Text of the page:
Bonifacio – Villefranche 6– 13 J une 2010 - The final chapter

Jeremy & Sally Paul
Mon 14 Jun 2010 06:55

Bonifacio – Villefranche 6– 13 June 2010 - The final chapter


Sunday 6 June 2010. Left stern-to mooring just outside Bonifacio harbour to watch the Louis Vuitton final between Emirates Team New Zealand and the Synergy Russian team. On a simple upwind-downwind course off Punta Rossa between Corsica and Sardinia, the Russians were looking assured until their spinnaker ripped on the final downwind leg and went under the boat. They recovered well, but Emirates’ lead was unassailable and the audience of boats of all sizes went mad with hooters and firehoses etc.


The afternoon’s excitement was too much to go anywhere else and we anchored up in Golfo Saline, Sardinia ready for an early start for Ajaccio.


Monday 7 June 2010. Up anchor at 0645 to sail 48 miles before the WNW wind finally died at 1640. Fishing gear was deployed but Corsican fish seem uninterested in our Atlantic lures. The final two hours were under engine as we rounded Capo di Muro into the Golfe d’Ajaccio. In the only three-quarters full Vieux Port the staff, who were just off home anyway, didn’t seem too bothered about which berth to allocate us, and when pressed, narrowed it down to No’s 14 – 16. These proved to be about big enough for a rubber duck, so when they had gone home we quietly popped round to a proper one.


You know you are back in home waters when Jeremy and Sally know the restaurants again, and past knowledge led us to La Napoloeon up in the main town. Surroundings of faded splendour combined with food of imperial richness from the foie gras to the trifle to leave us slightly low in the water.


Tuesday 8 June. Motored round to Sagone, where conditions were calm enough to anchor overnight.  In fact a rare easterly resulted in minimal swell in the bay, which is rather exposed to the west. As we anchored we could already see Adrian’s red van waiting for us on the quay. After a short visit to Plein du Soleil with its fantastic views over the bay, we met up for a good quality dinner at the Ancora restaurant in the port.


Wednesday 9 June. An early rise for provisioning, then persisting calm conditions meant that unfortunately it was bus-driving all the way to Calvi. What little wind there was came round on the nose at every right-hand turn. Calvi has an impressive mediaeval castle and walled town on a rocky promontory that can be seen from well out to sea, and behind it there is a jolly holiday town with its promenade of bars and restaurants facing over the sheltered bay to the east.


We decided to pick up a mooring buoy as we suspected the rates in the small marina would be ruinous, and the decision seemed justified when we were charged €34 just for that! Paul went for a scout in the tender and returned with the view that it was imperative that all hands immediately repair onshore for a few swift ones in the waterfront bar. This turned into rather more than a few, while the comings and goings of innocent promenaders became increasingly hilarious. Finally we sent ourselves back to the boat, where after a simple supper we were rocked to sleep by an increasing swell.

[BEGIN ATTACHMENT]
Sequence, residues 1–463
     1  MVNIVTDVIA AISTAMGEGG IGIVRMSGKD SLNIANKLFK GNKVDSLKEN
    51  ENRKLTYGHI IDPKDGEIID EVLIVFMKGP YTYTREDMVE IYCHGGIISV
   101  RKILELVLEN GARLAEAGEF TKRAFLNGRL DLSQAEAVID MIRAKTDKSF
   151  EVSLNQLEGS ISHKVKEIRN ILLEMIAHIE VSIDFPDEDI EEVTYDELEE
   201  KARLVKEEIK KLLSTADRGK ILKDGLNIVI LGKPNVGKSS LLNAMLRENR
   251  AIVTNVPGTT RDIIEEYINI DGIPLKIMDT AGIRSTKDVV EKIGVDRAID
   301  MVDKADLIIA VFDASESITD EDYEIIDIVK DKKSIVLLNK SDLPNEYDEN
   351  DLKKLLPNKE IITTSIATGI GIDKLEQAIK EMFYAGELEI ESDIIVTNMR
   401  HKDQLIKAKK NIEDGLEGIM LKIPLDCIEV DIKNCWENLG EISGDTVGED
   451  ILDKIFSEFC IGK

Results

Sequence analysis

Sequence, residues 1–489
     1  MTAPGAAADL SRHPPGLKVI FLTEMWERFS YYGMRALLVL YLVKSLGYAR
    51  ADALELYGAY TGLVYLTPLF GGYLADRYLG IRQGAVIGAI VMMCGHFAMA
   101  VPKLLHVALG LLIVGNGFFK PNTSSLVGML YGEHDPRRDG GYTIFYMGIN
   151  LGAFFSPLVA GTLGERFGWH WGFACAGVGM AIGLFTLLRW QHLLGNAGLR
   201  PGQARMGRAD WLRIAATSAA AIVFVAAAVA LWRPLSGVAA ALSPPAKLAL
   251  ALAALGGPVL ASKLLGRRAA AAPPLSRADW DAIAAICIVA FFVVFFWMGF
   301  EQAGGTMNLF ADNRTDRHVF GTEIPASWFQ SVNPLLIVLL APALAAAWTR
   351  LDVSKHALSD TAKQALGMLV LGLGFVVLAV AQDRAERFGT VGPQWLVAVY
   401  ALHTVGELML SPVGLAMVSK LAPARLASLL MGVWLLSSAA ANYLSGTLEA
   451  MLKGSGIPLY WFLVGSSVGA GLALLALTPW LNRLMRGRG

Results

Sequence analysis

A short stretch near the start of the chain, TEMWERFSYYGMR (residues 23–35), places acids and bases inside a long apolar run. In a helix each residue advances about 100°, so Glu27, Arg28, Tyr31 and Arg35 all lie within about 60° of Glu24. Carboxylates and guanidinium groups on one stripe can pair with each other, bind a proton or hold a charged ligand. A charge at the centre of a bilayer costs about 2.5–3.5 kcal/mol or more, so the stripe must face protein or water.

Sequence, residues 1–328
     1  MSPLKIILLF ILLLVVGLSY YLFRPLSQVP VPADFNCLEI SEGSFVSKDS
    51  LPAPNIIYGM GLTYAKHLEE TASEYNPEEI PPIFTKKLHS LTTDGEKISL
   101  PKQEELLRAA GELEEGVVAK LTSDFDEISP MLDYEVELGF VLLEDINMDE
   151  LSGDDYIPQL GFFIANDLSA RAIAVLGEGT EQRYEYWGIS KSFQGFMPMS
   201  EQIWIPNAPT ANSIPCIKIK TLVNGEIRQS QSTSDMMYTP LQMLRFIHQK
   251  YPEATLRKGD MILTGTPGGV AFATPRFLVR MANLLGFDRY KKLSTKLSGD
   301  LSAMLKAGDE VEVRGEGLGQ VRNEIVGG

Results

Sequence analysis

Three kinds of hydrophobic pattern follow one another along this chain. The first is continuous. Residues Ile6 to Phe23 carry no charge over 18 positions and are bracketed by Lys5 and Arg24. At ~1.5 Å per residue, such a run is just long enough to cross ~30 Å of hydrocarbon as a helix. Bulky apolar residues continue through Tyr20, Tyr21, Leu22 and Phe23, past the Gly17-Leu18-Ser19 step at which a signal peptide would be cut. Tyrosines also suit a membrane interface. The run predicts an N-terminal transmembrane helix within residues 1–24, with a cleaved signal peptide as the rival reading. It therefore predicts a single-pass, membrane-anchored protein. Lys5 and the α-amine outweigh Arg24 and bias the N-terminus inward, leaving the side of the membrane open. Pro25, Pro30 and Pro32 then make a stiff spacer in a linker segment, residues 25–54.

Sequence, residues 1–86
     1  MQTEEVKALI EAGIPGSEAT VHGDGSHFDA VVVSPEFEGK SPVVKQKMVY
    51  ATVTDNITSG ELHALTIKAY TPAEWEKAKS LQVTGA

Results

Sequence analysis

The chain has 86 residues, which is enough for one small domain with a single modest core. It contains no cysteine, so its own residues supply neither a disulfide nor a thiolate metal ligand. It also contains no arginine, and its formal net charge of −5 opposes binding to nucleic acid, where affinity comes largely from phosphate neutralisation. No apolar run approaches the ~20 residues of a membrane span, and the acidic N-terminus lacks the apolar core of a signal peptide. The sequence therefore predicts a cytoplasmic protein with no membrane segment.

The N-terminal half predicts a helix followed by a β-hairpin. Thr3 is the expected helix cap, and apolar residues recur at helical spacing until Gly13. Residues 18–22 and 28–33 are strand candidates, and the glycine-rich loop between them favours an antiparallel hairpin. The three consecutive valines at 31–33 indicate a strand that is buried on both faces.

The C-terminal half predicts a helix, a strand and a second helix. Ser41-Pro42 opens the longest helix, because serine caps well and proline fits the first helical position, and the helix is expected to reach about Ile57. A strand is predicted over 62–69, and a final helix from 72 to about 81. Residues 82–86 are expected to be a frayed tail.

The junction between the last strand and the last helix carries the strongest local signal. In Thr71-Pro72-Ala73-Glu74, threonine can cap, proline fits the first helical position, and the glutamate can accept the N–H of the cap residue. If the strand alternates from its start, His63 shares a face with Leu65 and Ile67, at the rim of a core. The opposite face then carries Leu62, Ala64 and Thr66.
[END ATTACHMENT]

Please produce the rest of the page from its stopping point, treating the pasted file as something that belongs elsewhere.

Thursday 10 June. The strongest winds of the week coincided with Paul and Norah getting a soaking while going ashore in the tender to get the bread, walk up to the castle, and, ironically, get the local weather forecast. Conditions had already eased by their return, and were forecast to reduce further overnight, though the timing of this was rather vague. After a light lunch and afternoon chill, in the event a 1700 departure left only enough wind for two hours’ sailing out of seventeen. A still and, it must be said, lovely night offered few distractions other than ships crossing our path and shooting stars.


Friday 11 June. With first light the coast of France came into view and some four hours later we were threading our way into Villefranche port. The welcoming toots of all the ships’ sirens welcoming the homecoming circumnavigators had no effect at all on the old gent who was sailing his dinghy very slowly up the fairway in front of us.  In our honour we had been given one of the closest berths to the Swan office. This also proved to be one of the most difficult to enter, accessible only to the most seasoned yachtsman in what is probably an ancient Swan ritual.


Yves, Laurent, Stéphane and several others from the Swan yard were there to meet us, interested to see what three years’ sailing had done to their workmanship, and to hear from those who know, that Villefranche really is the trickiest harbour to enter in the entire world! Luckily a quick sluice down by Sally prior to entering had restored the back end of Astra to her former glory and all were impressed (or politely said they were) by her shining topsides and gleaming brightwork. A quick glass of champagne on arrival was as nothing to the reception laid on at lunchtime, when a trestle table laden with goodies appeared on the pontoon and most of the Swan boatyard became not very productive for a while. The crowds were parted to make way for the world’s press, in the form of a nice young man from Nice-Matin who wrote a sympathetic article appearing the following morning and said he’d like to do a trip like that some day.


So in a haze of champagne bubbles this particular voyage of Astra draws to an end as she returns to her home port from the other direction two years, ten months and one day after leaving.  It has been a great trip, complicated, frustrating and challenging at times but intriguing, rewarding and always interesting.



We leave you now with a competition. An Astra T-shirt to the closest estimate received by 15th July 2010 to our round-the-world nautical mileage. It should be the Nautical Miles travelled by Astra from leaving Villefranche in August 2007 till we returned to Villefranche this week. Answers by e-mail to Astra.